So having said all that, I'll give some examples of what I've seen TV lamps do at auction on eBay recently. A particular (and very common) unmarked panther lamp/planter has been going for anywhere from $30 to $40, and is representative of what one might pay for a less treasured lamp. I've also seen several Kron Siamese cat lamps go for between $35-$60, and that's a lamp that Santiso's book values at $125-$150! This isn't an indication that the market is soft, but rather that you shouldn't let book values scare you...or influence what you pay. Author's set what they feel to be appropriate values at that time, and these values are affected by regional influences. Just remember that published data can be outdated, and is sometimes just plain wrong.
Another Siamese cat lamp, this one by Claes, fetches between $50 and $75+, and is the most affordable entry in the Leland Claes stable. Speaking of Claes, a few rare examples bring extremely high prices, often selling for over $600. These include the Claes Leopard, the Mustang Head (shown at the top of this page) and the Lioness and Cub. Recently the desire to collect the most valued and rare examples has been quite high, so prices may have risen above what one might be willing (or able) to pay. What the market will bear isn't set by the price guides, but rather by the passion of collectors. A rare pink Lawrence Welk accordion lamp, sometimes called the "holy grail" of TV lamps, sold a few months ago for somewhere in the $700 range.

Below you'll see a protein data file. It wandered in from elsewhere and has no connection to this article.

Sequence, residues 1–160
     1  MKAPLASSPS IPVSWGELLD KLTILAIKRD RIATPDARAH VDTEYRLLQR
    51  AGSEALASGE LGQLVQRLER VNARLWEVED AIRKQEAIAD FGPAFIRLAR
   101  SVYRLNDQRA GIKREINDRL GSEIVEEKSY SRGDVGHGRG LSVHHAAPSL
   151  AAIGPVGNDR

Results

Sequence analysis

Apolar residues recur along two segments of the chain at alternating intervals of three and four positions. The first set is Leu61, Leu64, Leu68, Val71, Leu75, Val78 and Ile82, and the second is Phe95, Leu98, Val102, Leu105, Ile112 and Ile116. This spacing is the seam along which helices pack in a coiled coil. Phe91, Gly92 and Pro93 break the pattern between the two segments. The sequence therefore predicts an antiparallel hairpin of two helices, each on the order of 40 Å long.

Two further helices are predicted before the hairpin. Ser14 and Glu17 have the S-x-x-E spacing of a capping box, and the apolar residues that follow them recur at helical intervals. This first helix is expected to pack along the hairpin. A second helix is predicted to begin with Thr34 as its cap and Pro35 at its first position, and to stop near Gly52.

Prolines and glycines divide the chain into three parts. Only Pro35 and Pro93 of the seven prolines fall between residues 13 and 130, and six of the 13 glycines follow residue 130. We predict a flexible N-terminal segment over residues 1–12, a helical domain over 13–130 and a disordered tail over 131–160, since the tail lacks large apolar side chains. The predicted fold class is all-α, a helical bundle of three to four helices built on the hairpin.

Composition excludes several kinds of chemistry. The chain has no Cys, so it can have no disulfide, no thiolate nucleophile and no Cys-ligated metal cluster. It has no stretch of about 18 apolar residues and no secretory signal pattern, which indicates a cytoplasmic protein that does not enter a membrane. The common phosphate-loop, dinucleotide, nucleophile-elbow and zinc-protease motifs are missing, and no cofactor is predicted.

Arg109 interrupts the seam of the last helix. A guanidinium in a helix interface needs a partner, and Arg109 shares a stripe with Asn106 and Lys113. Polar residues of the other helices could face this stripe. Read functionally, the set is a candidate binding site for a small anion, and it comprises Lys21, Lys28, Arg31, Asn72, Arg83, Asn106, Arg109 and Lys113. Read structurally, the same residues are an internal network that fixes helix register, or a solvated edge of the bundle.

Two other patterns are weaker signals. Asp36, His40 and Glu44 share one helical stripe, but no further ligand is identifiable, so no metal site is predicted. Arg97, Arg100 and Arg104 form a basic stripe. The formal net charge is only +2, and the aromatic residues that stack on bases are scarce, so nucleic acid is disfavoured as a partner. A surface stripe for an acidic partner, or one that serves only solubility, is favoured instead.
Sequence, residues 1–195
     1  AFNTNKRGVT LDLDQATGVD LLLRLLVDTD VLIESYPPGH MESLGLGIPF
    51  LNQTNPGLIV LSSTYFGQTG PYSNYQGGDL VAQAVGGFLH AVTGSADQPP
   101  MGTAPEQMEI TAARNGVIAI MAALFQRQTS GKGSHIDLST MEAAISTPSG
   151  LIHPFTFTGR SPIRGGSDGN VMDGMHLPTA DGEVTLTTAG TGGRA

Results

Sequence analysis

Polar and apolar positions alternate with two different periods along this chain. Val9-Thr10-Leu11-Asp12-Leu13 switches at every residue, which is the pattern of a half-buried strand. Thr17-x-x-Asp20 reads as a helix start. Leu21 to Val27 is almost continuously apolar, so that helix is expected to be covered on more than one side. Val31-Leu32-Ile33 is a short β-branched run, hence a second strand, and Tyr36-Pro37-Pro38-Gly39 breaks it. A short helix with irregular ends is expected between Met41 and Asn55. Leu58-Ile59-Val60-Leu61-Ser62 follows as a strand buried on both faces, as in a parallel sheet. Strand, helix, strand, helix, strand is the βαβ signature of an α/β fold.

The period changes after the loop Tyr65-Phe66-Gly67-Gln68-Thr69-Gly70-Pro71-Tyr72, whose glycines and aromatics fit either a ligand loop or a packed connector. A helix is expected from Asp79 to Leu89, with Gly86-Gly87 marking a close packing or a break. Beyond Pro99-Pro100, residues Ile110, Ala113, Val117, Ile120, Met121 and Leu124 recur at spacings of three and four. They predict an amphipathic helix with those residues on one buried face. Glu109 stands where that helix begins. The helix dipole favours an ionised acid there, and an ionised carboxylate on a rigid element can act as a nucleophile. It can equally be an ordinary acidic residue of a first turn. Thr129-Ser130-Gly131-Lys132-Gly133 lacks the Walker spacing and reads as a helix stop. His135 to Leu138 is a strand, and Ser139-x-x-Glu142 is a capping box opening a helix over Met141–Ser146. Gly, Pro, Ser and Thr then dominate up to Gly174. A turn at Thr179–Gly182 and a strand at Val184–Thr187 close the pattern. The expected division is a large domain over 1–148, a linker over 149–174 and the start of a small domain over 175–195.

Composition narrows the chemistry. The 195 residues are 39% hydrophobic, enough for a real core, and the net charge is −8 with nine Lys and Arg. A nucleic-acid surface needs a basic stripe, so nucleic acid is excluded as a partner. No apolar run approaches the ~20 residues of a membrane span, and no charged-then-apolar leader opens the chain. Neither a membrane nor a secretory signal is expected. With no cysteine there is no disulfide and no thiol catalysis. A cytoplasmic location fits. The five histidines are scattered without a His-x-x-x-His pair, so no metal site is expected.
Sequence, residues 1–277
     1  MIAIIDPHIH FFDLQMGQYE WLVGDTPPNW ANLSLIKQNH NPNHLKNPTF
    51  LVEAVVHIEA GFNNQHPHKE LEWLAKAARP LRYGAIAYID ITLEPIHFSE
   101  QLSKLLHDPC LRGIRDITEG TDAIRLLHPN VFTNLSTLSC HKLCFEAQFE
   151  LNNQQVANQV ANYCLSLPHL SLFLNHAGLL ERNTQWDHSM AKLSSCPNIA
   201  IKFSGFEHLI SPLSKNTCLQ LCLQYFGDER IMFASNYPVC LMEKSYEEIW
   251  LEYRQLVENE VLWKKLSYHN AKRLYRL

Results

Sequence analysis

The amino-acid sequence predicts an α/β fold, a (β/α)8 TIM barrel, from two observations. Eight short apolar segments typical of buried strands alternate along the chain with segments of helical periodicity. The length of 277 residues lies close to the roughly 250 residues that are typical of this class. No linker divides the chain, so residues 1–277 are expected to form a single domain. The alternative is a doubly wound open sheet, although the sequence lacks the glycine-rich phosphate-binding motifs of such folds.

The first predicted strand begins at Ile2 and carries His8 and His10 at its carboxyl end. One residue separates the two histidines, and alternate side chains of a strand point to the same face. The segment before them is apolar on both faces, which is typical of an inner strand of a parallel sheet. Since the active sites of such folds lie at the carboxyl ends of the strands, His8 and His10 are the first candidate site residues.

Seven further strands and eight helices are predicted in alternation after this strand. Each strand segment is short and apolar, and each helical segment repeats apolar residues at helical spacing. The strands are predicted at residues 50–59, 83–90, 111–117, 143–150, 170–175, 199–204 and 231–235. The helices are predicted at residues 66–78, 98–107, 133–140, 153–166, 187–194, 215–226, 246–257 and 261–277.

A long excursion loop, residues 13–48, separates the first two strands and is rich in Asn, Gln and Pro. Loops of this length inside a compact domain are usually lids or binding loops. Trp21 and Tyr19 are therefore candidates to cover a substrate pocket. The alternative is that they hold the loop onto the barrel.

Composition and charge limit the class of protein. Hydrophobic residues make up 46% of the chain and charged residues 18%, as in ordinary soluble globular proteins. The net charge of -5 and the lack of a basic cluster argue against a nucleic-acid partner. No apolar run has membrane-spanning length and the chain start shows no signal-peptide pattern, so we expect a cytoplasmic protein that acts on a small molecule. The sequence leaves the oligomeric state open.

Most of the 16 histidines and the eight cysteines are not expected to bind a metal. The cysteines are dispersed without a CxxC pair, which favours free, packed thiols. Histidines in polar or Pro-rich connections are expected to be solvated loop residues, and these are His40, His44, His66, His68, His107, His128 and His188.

The Holy Grail It must be said that the term "Holy Grail" has become a catch-phrase for several rare TV lamps, and its use denotes both rarity and desirability...the lamps that savvy collectors avidly seek. My thinking is that the Claes Leopard comes closest to deserving the name, as it possesses both rarity and attractiveness of design. The leopard also exists in sufficient numbers that it is generally known. Some lamps are a greater rarity than the prized leopard, so rare that the collecting community hasn't acknowledged them or their significance.
The extreme variance in values today is indicative of the fact that collectors are getting smarter. They won't pay too much for a common lamp but aren't afraid to shell out $$$ for a truly rare find. By far the most typical bracket I see lamps sell within is $50-$75, so you can definitely start, or expand, a collection without being a high-roller. Good luck!